Abbey of Solesmes Celebrates 1000 Years

October 6, 2010

James Jordan has performed as an organ accompanist and soloist throughout the United States and Europe, and was one of the first American organists to concertize in Siberia. He is currently Artist-in-Residence with Gloriæ Dei Artes Foundation, and frequently performs and records with the choir Gloriæ Dei Cantores. Jordan is the Music Development Consultant for Paraclete Press. He has published in the American Choral Review and was a contributing author to American Sacred Choral Music—An Overview and Handbook (Paraclete Press, 2001). Jordan earned his Bachelor of Music from Southern Methodist University in Dallas, Texas, studying with Robert Anderson. As a student of David Craighead, he received his master’s degree, doctorate and Performer’s Certificate from the Eastman School of Music in Rochester, New York. He has made extensive studies of Gregorian chant with the late Dr. Mary Berry of the Schola Gregoriana, Cambridge, England.

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As the Abbey of St. Peter of Solesmes
in France celebrates its millennial anniversary (1010–2010), Paraclete Press acknowledges gratefully their faithfulness (and industriousness!) in the field of Gregorian chant restoration. Today, Gregorian chant enjoys a renewed vision and use by the Church as well as by the general public. The work of the Solesmes monks has played no small part in this “re-blossoming” in providing written materials as well as a living tradition that helps set an aural model for chanting.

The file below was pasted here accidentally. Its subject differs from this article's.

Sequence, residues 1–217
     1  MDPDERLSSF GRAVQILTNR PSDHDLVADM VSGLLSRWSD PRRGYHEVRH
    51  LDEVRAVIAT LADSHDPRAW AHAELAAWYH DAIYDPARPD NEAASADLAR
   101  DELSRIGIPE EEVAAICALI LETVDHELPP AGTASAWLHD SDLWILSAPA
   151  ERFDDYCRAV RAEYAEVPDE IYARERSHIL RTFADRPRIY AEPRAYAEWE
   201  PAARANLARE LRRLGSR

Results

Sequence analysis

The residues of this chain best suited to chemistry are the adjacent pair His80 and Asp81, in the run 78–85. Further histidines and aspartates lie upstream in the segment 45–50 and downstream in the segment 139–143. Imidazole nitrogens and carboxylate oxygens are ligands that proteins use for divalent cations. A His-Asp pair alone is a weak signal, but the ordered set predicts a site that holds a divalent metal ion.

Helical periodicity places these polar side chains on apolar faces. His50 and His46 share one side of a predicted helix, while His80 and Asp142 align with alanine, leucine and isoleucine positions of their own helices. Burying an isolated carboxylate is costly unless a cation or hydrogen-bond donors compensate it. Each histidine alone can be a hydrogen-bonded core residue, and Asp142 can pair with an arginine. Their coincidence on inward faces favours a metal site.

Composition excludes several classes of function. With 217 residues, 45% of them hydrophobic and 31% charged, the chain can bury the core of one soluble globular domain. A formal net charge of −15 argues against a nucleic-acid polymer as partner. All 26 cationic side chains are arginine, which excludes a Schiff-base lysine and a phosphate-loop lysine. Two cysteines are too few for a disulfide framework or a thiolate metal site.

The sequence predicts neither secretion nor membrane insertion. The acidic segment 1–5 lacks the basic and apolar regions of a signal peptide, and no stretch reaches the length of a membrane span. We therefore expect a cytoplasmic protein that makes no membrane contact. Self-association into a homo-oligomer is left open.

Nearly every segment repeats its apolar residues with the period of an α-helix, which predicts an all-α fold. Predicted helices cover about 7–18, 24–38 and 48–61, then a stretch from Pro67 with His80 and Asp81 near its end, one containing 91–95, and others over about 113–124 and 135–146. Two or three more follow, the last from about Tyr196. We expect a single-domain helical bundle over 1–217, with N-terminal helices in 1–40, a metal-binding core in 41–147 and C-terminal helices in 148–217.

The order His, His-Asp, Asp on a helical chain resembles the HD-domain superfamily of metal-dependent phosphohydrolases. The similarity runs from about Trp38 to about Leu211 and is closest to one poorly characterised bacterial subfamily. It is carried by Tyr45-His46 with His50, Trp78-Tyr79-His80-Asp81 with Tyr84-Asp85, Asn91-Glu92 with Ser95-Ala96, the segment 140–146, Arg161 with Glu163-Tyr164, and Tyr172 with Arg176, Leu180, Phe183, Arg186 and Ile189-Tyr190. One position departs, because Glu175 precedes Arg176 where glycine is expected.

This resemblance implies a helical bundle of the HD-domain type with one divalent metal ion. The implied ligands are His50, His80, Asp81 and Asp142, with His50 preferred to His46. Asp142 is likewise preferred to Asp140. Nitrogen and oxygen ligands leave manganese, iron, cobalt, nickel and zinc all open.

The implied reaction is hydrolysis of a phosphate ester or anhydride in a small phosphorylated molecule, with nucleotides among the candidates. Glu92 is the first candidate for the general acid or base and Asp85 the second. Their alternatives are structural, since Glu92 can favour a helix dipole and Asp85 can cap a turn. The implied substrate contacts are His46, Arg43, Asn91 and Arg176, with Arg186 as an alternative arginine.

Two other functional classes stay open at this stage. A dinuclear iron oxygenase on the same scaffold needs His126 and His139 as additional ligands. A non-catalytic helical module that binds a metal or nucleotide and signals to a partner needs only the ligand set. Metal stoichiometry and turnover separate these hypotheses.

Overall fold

The monastery of Solesmes cites as its founding date October 12, 1010, when the site was donated to the monks of La Couture by a French nobleman. The monastery survived pillaging, fires, English occupation, and other afflictions of the times over the next 500 years. In the latter part of the fifteenth century, the church was rebuilt and changed from its basilican form to that of a Latin Cross. In 1664, the abbey was absorbed by the congregation of St.-Maur, and the property, except for the church, underwent an extensive building project. In 1791, in the wake of the French Revolution, the abbey was closed and the monks dispersed, much to the dismay of the general population. The abbey was officially sold, although no new owner appeared and the buildings were not put to use. Then, in 1831, a young priest by the name of Prosper Guéranger, upon hearing of the abbey’s imminent destruction, with the help of friends gathered together enough money to rent the property and move in. Over the next four years, Dom Guéranger worked tirelessly to restore the monastic life of Solesmes. In 1837 the monastery received not only Vatican recognition, but also the title of Abbey.
A large part of Dom Guéranger’s efforts in restoring Solesmes focused on re-establishing Gregorian chant and its role in the liturgy. The following extract describes, in brief, the work of the monks of Solesmes in chant restoration:
“In the 1830s, the young French monk Dom Prosper Guéranger reopened the vacant monastery of Solesmes in his hometown and charged his monks with the task of restoring chant to its former beauty. This restoration consisted of two primary components: the study of ancient manuscripts and the development of a lighter style of chanting where ‘words took on their true meaning, and the musical phrases recovered much of their natural suppleness and beauty.’ By the 1850s, Solesmes monks were copying chant manuscripts from all over Europe. Carefully comparing manuscripts containing the ancient neumes to manuscripts containing lines and notes, they set about to determine how the chant would have been sung in its original form.
“In 1903, Pope Pius X authorized the monks of Solesmes to prepare editions of chant for the Mass for the entire Roman Catholic Church, and during the next sixty years, the ‘Solesmes Method’ of chant was taught throughout Europe and North America. Even as scholars debated the value of the Solesmes teachings, the recordings of the Solesmes monks became popular, and their books were widely distributed.